6B: Albert Magunty. Albert Magunty was from somewhere up North and he told me once that he used to wear a nylon mask to work. He said that at the end of the night, when he was finally allowed to pull it off, his face was all the wrinkled wet of oversaturated bath skin. He had long, depressed scars running down his face. Tiny valleys. Tracks along which blood and sweat could neatly follow. Because he bled a lot at work and sweat all the time, being as big and as fat as you can be without suffering from mobility problems. He had a large black moustache that hung hard and still like plastic action figure capes from the round nostrils of his heaped, leathery nose. His hands were always all over his face whether he was mashing an itch or rubbing sleep from his puffy eyes or stroking his burnt toast chin. I asked him once where he got all of his scars and he told me that his father was a butcher. I decided to leave the subject alone after that. Albert Magunty. Certainly a character capable of labouring through a shit like the one that had assaulted my eyes. I could see his burly asshole conditioning a specimen such as the one that would eventually occupy a fishbowl in my bedroom. Albert Magunty. My prime suspect.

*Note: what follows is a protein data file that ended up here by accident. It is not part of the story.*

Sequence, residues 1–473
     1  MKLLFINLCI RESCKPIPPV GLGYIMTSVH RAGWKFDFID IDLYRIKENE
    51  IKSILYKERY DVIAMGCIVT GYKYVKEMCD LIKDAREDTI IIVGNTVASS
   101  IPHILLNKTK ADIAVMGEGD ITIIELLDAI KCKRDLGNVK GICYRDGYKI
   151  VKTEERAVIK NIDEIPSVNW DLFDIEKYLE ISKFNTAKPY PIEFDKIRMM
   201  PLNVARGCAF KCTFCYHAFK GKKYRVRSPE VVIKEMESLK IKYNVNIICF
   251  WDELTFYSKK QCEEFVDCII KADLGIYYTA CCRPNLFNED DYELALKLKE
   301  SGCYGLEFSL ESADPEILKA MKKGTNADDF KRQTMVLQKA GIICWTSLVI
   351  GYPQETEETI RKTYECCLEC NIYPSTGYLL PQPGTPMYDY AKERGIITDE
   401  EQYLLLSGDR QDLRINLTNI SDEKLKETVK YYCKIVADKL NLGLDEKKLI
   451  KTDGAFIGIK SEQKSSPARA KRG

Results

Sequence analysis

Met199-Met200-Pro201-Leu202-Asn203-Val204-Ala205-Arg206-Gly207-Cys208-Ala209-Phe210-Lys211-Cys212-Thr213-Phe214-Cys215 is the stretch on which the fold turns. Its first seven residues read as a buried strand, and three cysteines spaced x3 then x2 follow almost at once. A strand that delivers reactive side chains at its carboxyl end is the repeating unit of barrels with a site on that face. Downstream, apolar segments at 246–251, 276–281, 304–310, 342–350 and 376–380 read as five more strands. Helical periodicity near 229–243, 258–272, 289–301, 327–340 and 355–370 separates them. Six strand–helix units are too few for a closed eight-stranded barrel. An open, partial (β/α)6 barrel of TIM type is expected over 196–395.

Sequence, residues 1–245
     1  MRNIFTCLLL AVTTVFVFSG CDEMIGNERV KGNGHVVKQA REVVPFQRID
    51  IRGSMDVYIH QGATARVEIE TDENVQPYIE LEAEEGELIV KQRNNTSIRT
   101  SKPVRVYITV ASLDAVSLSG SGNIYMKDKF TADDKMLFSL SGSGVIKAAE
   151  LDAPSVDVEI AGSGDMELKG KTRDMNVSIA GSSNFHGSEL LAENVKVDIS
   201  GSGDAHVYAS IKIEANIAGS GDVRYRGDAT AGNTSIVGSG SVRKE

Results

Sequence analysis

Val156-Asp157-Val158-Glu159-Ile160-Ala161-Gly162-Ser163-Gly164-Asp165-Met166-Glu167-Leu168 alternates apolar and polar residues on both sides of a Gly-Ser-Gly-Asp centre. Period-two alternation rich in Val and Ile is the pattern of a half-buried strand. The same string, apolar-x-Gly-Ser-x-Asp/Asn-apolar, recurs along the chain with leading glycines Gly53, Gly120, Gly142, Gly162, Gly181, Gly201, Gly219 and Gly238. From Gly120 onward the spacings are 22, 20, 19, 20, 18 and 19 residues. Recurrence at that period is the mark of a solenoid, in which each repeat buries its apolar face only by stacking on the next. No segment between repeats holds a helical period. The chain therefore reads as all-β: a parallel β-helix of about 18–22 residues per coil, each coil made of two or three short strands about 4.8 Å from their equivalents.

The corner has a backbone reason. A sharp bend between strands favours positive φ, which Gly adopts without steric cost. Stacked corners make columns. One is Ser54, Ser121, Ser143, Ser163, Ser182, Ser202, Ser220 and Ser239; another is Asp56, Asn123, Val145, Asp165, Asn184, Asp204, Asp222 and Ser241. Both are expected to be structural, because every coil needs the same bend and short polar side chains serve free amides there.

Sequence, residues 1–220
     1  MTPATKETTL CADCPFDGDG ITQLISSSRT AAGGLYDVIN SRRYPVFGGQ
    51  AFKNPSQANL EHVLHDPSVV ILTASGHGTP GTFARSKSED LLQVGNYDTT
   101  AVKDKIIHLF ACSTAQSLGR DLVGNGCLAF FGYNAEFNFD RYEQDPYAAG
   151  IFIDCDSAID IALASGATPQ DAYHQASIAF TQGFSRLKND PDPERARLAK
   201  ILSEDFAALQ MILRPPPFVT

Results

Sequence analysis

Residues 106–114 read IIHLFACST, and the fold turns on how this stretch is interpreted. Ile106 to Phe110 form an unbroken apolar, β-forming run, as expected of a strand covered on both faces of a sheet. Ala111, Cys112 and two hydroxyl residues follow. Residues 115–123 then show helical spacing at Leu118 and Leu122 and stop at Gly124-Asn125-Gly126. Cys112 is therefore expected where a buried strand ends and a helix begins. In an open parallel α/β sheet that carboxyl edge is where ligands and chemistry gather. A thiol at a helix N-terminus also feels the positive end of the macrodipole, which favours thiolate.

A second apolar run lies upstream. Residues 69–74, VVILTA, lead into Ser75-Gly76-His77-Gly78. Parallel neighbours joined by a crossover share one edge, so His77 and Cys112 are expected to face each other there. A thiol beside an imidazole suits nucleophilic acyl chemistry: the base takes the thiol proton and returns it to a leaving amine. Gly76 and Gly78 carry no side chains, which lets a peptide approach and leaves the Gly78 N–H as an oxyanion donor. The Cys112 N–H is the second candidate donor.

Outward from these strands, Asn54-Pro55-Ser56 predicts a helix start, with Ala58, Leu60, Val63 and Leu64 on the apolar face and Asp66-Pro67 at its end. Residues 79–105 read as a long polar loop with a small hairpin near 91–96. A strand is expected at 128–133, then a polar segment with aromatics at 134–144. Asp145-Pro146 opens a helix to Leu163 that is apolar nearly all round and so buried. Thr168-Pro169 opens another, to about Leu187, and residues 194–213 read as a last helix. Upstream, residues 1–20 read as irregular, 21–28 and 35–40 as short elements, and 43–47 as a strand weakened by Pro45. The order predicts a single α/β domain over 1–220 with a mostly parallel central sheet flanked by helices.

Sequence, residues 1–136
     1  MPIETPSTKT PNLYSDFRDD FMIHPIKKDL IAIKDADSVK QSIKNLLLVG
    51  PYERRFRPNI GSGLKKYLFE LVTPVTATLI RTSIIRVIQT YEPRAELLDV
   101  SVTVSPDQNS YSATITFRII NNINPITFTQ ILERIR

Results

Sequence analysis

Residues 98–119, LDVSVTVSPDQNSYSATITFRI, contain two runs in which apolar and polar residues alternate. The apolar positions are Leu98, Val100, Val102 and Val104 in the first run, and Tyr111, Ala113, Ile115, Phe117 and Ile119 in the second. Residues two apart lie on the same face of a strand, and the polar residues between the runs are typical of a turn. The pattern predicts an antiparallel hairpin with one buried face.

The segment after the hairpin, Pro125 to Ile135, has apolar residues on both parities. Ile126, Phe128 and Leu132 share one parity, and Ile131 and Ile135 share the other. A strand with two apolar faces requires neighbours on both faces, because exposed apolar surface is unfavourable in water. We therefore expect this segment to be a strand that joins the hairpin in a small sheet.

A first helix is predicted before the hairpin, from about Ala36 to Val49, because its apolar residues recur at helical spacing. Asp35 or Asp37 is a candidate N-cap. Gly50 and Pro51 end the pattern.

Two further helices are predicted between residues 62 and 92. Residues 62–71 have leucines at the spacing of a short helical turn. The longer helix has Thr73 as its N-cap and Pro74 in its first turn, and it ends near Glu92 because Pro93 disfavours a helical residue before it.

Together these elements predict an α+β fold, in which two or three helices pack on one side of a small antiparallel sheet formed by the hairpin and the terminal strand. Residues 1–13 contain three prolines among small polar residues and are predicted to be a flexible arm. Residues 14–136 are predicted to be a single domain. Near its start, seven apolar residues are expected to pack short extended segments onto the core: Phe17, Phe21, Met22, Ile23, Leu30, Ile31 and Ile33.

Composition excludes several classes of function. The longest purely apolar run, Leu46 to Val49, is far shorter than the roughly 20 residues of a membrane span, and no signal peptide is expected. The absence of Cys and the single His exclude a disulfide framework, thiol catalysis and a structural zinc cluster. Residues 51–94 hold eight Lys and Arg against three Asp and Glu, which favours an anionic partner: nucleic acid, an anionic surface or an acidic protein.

6C: Adele Fitler. Me. And there are two unfortunate things about my name. Firstly, the obvious: that when you say it out loud it sounds exactly like Adolf Hitler. The second unfortunate thing about the name is that I’m a man. And Adele happens to be a girl’s name. Adele Fitler was my mother’s name and the name of her mother before that and her mother before that and her mother before that. Naming a boy Adele Fitler brought a new dynamic to the hell of the name. My mother wanted a daughter and my father ran away before he could talk any sense into her. Also, he likely didn’t care what she called me. He had run away from the both of us at the exact same time, because I was still just a little parasite in a plush, pink terrarium.